Monday, September 28, 2009

Vice Work If You Can Get It

It’s easy to forget that the NBC-TV cop drama Miami Vice--which debuted on this date back in 1984, 25 years ago--entered the American airwaves in the same season that welcomed Murder, She Wrote, Charles in Charge, Highway to Heaven, The Cosby Show, Who’s the Boss, and Hunter. With the possible exception of that last, Fred Dryer-Stepfanie Kramer crime drama, the rest of those shows seem ... well, significantly less than hip. Miami Vice, on the other hand, was considered--for its time--the coolest series to come down the pike since Peter Gunn.

Miami Vice earned its nickname of ‘MTV cops’ through its liberal use of popular rock songs and a pulsating, synthesized music track created by Jan Hammer,” writes Jeremy Butler at the Museum of Broadcast Communications site. “Segments of it closely resembled music videos--as quickly edited images, without dialogue, were often accompanied by contemporary hits such as Tina Turner’s ‘What’s Love Got to Do With It?’ As with music-oriented films such as Flashdance (1983) and Footloose (1984), Miami Vice was a program that could not have existed before MTV began popularizing the music video in 1981.”

However, it wasn’t the tunes alone that set Vice apart and made it a hit. It was the clothes, too. During its early years, American males all seemed to pick up on the dressing trends--Italian sport coats, T-shirts, white linen pants, and slip-on loafers (without socks)--established by Don Johnson, who played Miami-Dade Police Detective Sergeant Sonny Crockett on the show opposite Phillip Michael Thomas in the role of Detective Ricardo “Rico” Tubbs, a transplant from New York City. Combine all of that with sports cars, Sonny’s 40-foot sloop and pet alligator, myriad bikini-clad babes, drug-running scumbags and murderous gangsters, and it’s no wonder that People magazine heralded Miami Vice as “the first show to look really new and different since color TV was invented.”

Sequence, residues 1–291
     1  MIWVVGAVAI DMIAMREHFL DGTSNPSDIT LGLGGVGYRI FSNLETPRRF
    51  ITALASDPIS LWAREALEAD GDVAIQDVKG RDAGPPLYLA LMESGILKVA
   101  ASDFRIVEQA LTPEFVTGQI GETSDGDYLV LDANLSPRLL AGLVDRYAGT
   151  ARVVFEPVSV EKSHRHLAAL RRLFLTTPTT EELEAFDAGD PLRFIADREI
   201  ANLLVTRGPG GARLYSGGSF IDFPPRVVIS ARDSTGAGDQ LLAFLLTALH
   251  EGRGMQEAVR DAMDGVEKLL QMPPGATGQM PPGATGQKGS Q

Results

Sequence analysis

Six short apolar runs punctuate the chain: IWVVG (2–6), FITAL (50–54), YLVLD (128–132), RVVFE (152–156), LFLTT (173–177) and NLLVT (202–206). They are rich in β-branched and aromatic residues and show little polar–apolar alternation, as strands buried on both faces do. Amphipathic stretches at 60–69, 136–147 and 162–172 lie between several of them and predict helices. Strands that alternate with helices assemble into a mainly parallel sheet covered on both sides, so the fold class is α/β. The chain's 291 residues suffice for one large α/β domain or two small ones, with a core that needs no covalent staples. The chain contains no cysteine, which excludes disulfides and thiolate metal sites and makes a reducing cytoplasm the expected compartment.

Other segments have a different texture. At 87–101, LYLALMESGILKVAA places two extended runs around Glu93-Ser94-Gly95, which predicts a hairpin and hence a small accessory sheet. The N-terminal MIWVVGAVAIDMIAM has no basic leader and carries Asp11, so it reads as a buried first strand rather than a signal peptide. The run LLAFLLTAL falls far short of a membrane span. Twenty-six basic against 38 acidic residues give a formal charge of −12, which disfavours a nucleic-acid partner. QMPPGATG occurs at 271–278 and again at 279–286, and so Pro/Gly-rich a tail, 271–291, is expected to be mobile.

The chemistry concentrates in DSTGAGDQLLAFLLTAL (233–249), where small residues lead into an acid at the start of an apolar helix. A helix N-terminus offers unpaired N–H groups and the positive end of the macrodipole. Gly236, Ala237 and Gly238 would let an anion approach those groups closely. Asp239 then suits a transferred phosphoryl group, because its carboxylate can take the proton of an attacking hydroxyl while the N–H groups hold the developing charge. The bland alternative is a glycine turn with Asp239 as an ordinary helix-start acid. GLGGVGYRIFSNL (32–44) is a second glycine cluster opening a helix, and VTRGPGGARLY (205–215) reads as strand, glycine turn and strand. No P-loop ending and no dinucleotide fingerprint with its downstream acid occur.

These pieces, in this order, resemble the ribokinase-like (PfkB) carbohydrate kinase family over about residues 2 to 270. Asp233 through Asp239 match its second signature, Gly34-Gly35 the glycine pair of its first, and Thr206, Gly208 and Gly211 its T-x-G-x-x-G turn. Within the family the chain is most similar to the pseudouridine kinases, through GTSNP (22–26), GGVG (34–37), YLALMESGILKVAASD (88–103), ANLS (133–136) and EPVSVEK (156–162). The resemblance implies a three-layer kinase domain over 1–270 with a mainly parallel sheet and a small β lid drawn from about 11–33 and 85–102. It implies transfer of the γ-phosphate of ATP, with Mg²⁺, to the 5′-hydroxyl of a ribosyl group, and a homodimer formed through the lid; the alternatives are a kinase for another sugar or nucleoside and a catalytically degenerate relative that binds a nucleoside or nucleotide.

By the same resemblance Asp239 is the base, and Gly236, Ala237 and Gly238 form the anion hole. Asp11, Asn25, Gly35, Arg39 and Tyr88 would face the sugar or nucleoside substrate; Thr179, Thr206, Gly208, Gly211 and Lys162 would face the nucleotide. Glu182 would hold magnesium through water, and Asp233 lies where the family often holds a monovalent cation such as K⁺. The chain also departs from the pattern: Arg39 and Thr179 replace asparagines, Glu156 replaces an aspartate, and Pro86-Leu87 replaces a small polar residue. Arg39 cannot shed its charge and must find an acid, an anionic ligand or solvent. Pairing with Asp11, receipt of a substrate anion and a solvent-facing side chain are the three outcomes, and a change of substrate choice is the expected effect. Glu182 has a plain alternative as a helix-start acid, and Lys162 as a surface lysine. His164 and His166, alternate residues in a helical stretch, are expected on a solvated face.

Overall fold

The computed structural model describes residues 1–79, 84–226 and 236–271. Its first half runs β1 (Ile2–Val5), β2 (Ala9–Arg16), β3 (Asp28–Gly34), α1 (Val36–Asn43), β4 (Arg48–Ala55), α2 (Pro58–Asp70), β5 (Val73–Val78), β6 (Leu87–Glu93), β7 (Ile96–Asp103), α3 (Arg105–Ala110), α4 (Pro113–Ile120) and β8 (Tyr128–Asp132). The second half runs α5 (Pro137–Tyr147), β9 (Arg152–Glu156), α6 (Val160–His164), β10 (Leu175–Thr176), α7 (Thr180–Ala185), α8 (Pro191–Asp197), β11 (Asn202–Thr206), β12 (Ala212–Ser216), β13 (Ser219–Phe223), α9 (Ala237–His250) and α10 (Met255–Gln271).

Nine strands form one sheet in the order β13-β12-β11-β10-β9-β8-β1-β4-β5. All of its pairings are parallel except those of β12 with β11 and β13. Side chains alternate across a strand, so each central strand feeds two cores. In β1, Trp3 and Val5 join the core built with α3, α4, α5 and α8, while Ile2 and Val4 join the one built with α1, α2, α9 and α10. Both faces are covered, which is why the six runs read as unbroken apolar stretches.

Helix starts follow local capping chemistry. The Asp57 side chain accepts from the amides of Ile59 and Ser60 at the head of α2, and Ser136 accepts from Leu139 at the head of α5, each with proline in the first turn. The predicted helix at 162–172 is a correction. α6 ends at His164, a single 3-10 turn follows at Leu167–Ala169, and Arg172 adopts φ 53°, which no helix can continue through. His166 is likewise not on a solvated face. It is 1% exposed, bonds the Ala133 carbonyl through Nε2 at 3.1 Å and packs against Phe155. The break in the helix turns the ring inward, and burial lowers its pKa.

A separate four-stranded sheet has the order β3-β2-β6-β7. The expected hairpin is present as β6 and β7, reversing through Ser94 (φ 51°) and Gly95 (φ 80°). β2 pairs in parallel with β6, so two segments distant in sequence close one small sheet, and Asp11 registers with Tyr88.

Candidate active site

Embedded above is the page from TV Guide’s 1984 Fall Preview edition that promoted Miami Vice in its original 10 p.m. on Friday timeslot. Just click on it to bring up a larger, readable version. And if this 25th anniversary of Vice makes you want to revisit executive producer Michael Mann’s fictionalized world of pink flamingos, machine-gun-toting South Florida baddies, and style-setting lawmen, then hop on over to Hulu where, at least for the time being, you can watch this show’s pilot and other episodes from its five-season run.


Scott Parker said...

As a teen in 1984, I really dug Miami Vice. It seemed very exotic. Now, I'm a big fan of CSI: Miami, a show that could never exist without Sonny and Rico.

le0pard13 said...

Never thought about it previously, but Scott makes a good point. Michael Mann's Miami Vice was so influential. I agree. CSI: Miami would never have come into being without MV (nor would have the series Burn Notice). Great post.